Saturday, August 13, 2011

Back to the Drawing Board

I love the short animated films by RSAnimate with the cartoon drawings, words, and narration. They make things so clear! And, of course, appeal to all kinds of learners--verbal, visual, aural--and various attention spans.

Here is a good one on education (via Youtube) that describes the current context/situation and handles the tough realities with humor. While I know we must educate ourselves for the workforce and our economic times, I'm also troubled that education is primarily seen and only changed to suit political/economic needs of those in power.

I always go back to Sputnik for an example, because 1) it works and 2) it corresponds to my own life span. Science and technology had to surge in 1957 so the USA could compete with Russia in the space program and the military-industrial complex, as it is called.

We need another such surge now to stay competitive in the changing world and because of our own complacent habits, but two political/economic realities seem in irreconcilable conflict here: 1) Improve education from the young ages on up so we can have a strong country and 2) Keep Americans stupid consumers so the rich can keep their hold on most of the wealth.

Sounds cynical, but of course the "bread and circuses" aspect of the USA today has been a topic of discussion for some time.

I favor a liberal education strong on the humanities to balance an equally strong commitment to science and technology in our schools today, at all levels. We have to keep the whole human being in mind and know what's at stake.

I've talked to too many students who went to college to get a good job. How did they define "a good job"?  Good salary, good benefits, lots of vacation time. "And what would you be doing?"

No answer.

If it's all about the lifestyle--the job = the money to enjoy leisure activities + nice house--then what are we doing to contribute back to the community*? And to keep ourselves feeling productive and happy with what we do?

*feel-good charities

Believe me, I have not solved this for myself, and I'm no expert on this, but I can see the dilemma.


DJ Vorreyer said...

One of the reasons I work so hard to instill a love of words and literature in middle school kids is that mindset exactly - that learning isn't necessary, that they just want to jump through the right hoops to get the "stuff" they equate with a good life. It's a hard road.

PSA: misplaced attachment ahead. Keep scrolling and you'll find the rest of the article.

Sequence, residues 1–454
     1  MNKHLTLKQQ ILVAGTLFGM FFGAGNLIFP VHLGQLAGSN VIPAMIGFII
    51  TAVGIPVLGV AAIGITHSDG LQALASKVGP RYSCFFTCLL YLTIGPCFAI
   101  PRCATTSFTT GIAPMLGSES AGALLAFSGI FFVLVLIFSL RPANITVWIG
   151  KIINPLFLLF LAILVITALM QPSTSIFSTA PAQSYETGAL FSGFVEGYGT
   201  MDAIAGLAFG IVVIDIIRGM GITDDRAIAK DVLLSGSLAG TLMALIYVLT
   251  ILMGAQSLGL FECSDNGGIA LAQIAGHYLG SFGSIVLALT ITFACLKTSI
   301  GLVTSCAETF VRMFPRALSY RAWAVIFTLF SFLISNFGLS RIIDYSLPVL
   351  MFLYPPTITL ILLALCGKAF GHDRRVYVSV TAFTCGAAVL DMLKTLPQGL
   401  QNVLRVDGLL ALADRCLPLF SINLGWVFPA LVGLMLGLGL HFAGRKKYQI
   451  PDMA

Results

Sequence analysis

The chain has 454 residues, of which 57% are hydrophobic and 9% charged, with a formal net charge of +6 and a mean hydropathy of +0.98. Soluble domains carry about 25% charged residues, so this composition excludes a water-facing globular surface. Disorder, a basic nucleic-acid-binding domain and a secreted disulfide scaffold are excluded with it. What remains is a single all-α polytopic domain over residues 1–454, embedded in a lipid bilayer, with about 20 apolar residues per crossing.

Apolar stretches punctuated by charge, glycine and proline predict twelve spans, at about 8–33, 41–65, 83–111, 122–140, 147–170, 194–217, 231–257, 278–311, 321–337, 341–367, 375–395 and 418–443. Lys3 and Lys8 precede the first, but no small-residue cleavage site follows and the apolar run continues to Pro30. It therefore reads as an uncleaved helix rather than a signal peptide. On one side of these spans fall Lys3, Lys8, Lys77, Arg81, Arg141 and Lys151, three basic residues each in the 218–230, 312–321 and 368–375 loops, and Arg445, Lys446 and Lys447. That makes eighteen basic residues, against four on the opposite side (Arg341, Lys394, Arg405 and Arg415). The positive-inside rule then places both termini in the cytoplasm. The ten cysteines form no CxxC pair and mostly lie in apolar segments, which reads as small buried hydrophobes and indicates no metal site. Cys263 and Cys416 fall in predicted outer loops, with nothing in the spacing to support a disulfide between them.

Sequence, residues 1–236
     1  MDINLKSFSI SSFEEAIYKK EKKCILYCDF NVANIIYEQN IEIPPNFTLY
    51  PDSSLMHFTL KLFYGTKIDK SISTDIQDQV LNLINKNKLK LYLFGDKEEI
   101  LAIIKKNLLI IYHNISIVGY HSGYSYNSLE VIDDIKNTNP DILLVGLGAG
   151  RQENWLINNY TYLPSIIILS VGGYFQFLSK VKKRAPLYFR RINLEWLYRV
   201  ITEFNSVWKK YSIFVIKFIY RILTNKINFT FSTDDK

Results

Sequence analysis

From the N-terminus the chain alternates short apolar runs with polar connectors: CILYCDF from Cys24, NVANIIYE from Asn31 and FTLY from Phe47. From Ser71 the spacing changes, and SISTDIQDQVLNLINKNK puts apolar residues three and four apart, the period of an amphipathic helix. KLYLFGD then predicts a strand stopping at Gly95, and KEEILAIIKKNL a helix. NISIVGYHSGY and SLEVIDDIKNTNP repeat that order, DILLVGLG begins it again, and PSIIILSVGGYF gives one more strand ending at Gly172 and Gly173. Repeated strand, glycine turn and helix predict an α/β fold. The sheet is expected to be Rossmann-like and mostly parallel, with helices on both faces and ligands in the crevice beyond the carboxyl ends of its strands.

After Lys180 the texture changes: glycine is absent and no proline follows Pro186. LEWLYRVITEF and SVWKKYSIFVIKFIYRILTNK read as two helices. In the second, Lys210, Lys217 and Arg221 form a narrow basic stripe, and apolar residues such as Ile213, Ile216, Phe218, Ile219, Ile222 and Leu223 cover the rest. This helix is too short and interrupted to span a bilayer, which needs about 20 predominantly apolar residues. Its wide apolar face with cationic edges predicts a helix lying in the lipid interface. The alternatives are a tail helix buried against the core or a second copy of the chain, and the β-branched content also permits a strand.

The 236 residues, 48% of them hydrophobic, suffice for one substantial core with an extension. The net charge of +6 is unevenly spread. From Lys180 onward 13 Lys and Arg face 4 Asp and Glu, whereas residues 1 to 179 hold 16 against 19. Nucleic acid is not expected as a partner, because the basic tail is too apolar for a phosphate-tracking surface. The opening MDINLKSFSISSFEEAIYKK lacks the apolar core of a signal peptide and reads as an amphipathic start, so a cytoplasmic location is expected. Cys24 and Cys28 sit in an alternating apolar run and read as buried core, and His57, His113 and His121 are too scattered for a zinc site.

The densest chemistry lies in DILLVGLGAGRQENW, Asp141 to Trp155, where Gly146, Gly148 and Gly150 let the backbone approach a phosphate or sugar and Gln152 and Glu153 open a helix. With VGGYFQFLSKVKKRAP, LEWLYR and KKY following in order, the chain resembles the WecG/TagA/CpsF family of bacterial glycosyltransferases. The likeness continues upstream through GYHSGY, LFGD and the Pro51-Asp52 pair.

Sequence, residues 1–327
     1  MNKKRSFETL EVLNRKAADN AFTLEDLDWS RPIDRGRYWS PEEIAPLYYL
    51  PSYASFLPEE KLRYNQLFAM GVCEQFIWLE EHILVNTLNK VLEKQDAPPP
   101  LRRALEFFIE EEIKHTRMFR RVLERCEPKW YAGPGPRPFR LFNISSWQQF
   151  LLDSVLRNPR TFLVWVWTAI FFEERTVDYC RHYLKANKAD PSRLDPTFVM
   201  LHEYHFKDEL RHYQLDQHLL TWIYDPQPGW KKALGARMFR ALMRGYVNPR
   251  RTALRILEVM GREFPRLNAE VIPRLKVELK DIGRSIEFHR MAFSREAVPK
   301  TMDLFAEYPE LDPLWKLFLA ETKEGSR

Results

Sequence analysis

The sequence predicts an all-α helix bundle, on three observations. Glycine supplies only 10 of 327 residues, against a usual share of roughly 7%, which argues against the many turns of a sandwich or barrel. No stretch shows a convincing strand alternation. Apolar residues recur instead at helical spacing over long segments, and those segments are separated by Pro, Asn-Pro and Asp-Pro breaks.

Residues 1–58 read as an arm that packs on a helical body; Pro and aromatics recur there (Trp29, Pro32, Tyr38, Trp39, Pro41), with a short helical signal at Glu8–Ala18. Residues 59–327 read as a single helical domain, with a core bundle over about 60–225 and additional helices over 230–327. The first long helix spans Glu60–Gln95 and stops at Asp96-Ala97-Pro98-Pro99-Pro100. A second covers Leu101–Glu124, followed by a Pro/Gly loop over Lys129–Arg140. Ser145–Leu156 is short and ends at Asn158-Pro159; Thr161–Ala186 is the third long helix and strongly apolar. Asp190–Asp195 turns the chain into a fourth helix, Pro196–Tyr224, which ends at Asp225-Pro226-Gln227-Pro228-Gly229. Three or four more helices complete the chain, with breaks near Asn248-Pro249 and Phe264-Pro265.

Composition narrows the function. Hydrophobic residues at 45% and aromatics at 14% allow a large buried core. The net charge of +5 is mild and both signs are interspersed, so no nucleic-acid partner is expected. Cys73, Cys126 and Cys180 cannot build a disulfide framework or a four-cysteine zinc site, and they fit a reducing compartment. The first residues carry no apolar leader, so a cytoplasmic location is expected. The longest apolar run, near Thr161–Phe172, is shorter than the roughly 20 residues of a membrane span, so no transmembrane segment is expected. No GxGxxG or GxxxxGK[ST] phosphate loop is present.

Kathleen said...

Thank you for doing what you do, Donna, for sticking with it and working so hard.

We've commodified everything, including art and education...and, sometimes, ourselves, even using the word "branding." But we aren't "goods" to be bought and sold....

I insist that we are not.

Sandy Longhorn said...

Thanks for this post, Kathleen. It's a bit of an overwhelming issue as I enter the classroom each semester. Many of my students are trying to move up a socio-economic rung on the ladder, just one step up from devastating poverty. I try to show them that they can choose a "job" that feeds the soul as well as the stomach, but it's a hard sell, sometimes.

Kathleen said...

Thank you so much for what you do to educate and guide your students.

When I taught at a two-year institution, many of my students were so hard-working and so grateful for my standards and fair grading system. They knew I was preparing them for the next two years somewhere else and/or for the kind of diligence, hard work, and discipline they'd need if they took a good job after an associate's degree.

Others were there to "buy the degree" with their parents', the state's, or the federal government's money.... Sigh. The latter was even true at a very good 4-year institution, and at its most intense, alas, with the business students! They were putting in time, phoning it in, their futures secure. Or so they thought at the time.

Sandy Longhorn said...

Oh, yes, the ones who think they are "buying a product" just give me fits. I've heard this is even the case at my dear alma mater, a tiny, liberal arts school.


Emily said...

Have you heard of the Khan Academy? It seems like it's the same concept as RSAnimate.

Karen said...

Will show the RSAnimate videos to Chris. He uses Khan Academy a lot!

Kathleen said...

Glad to hear all this!